Wednesday, July 21, 2010

PHOTO TIP - Lights & Shadows

I have a fantastic front yard for taking pictures. There is a giant full tree that provides plenty of open shade. Open shade to photography = Smooth, even light on skin, no glaring sun to make anyone squint or make the image overblown with light, and lovely catchlights in the eyes.

Sometimes we concentrate so much on the composition and subject matter of a photo that we forget to pay attention to the actual light and shadow cast on my image. Here are some examples of good vs bad when it comes to light and shadow.

This image is SOOC (Straight off the camera), no Photoshop fixing. As much as I adore this photo, I hate that half of my nephew's face is cast in light. Look at the left side and see how my son's face has a smooth, even coloring and the catchlight is in his eyes. That ray of sunshine is really making a bright line through the middle of my nephew's face, distracting from the image as a whole.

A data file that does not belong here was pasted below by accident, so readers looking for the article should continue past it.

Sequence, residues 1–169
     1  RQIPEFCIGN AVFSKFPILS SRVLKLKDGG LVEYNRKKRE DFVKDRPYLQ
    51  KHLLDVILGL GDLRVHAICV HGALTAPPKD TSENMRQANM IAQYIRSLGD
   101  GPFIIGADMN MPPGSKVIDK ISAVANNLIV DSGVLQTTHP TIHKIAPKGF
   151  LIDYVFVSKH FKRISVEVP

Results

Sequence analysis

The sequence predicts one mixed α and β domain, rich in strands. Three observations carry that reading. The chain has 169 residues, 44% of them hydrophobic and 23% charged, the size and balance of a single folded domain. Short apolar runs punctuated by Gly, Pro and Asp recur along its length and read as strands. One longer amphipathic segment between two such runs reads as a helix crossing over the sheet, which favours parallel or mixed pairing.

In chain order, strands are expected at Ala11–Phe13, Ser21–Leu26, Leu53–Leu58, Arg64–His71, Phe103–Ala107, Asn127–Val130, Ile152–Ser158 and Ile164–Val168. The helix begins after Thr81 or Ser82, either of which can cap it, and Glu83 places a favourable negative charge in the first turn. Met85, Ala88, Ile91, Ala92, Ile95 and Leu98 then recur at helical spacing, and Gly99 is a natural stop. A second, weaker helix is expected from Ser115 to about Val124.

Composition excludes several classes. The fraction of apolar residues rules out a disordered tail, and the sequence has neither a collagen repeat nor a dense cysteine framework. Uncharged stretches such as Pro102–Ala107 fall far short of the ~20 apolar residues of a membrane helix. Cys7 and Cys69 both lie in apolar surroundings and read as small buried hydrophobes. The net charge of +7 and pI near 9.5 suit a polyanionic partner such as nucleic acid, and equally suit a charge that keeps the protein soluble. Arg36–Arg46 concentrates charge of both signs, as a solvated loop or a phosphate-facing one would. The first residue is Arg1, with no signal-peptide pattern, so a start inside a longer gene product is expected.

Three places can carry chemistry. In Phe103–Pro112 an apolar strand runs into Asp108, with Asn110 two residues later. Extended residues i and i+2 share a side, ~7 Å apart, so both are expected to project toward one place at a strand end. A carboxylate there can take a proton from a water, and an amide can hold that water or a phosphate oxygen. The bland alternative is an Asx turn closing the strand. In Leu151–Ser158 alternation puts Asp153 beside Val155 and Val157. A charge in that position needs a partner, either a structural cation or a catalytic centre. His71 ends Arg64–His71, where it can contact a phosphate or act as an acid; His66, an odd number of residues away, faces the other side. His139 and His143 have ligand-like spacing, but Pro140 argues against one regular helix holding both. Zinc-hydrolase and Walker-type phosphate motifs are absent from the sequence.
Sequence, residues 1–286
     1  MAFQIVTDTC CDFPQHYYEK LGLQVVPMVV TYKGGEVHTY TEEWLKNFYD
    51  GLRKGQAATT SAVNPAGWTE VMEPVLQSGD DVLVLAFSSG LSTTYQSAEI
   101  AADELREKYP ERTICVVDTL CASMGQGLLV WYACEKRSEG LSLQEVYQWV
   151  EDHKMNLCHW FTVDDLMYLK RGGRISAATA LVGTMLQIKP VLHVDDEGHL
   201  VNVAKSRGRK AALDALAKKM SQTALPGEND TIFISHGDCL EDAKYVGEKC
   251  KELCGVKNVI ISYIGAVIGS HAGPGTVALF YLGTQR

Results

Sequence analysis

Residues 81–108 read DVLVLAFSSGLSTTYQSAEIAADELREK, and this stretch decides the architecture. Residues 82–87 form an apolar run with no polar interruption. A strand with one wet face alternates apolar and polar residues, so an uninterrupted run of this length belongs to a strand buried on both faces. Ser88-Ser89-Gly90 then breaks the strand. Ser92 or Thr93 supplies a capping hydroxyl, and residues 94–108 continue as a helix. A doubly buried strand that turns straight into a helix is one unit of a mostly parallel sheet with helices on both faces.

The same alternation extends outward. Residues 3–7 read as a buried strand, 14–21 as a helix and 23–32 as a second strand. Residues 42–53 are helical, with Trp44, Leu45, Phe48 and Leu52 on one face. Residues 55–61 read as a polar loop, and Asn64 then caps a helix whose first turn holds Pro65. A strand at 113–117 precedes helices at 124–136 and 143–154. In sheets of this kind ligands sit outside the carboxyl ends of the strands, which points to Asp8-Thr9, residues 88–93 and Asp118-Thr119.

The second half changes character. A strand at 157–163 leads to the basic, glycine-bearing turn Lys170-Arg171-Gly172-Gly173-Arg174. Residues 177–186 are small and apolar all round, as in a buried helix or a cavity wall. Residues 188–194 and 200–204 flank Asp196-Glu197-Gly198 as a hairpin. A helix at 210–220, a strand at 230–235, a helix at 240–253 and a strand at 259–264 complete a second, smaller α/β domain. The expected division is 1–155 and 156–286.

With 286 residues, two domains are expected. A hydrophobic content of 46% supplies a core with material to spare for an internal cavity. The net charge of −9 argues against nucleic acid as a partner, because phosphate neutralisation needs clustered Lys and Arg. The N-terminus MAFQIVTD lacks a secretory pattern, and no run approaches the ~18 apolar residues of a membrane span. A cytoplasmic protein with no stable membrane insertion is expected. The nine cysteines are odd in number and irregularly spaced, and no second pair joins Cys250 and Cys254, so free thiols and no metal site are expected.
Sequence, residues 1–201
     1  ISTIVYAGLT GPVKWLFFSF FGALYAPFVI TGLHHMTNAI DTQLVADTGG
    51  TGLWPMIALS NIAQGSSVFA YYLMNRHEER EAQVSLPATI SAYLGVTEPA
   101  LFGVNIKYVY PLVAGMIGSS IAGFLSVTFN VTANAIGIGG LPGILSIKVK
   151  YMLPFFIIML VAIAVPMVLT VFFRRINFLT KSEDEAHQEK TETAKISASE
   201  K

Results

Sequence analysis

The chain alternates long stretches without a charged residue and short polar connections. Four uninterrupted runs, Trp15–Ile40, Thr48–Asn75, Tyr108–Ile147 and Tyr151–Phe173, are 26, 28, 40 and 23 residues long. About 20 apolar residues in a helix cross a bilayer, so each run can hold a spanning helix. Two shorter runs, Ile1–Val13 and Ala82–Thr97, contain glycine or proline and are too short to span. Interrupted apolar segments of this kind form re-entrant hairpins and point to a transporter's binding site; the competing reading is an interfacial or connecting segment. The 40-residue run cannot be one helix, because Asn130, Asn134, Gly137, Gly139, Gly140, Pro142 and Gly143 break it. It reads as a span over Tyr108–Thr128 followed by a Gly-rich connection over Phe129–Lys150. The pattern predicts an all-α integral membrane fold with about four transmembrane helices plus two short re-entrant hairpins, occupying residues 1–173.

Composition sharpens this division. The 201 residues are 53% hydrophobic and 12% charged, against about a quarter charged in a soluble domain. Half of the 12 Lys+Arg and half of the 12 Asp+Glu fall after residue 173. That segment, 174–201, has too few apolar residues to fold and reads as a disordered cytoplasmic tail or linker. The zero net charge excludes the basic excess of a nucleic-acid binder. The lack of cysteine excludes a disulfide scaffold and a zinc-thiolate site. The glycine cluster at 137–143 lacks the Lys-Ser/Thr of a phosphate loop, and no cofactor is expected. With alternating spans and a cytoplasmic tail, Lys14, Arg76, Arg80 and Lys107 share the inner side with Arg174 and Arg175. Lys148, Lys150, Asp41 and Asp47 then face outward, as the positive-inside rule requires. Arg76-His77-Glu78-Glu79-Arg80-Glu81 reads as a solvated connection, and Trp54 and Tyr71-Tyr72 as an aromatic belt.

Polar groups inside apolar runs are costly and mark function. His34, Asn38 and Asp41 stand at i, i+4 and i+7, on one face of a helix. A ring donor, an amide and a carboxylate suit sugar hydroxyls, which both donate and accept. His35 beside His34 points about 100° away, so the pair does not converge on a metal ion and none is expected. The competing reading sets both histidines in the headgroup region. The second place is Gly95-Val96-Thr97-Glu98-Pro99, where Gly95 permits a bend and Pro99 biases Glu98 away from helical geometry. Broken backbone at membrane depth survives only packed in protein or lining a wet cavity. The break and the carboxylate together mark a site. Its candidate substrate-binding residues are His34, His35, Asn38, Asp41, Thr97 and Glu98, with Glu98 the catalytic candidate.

To compare, here is a photo taken at the same time of day with my subjects moved to a different location in the yard, avoiding the sun rays that were peeking through the branches (see the bright spots on the grass behind them?). Both faces have a soft glow on one side as the sun was shining that day but there are no distracting rays or bright spots and both boys still have nice catchlights in their eyes.

Here is my nephew again, just outside the fence of our yard. The sun was starting to go down so the tree wasn't providing any of the open shade. See how bright the fence is and the dark shadows on his face? It's much more blown out because the sun is shining too directly on my subject.

Same spot as the photo above but at a different time of day. I took this photo in the late evening, sun was setting and therefore it was starting to get a bit too dark inside the fence & directly under the tree. I pulled my cousin's son in front of the fence, still slightly under some of the shade from the tree, but where the sun's light was being diffused through the houses across the street. The lighting is lovely, catchlights in his eyes and coloring is more true to life.

These poor children can't even open their eyes, the sun is so bright and reflecting off the lake (which they are facing). Look at all the dark shadows on their faces too.

I moved them into open shade, still keeping them facing the lake so that the light would reflect into their faces, but allow them to keep their eyes open for the photo.

1 comment:

Kelly said...

LOL at the squinty one. Great tips.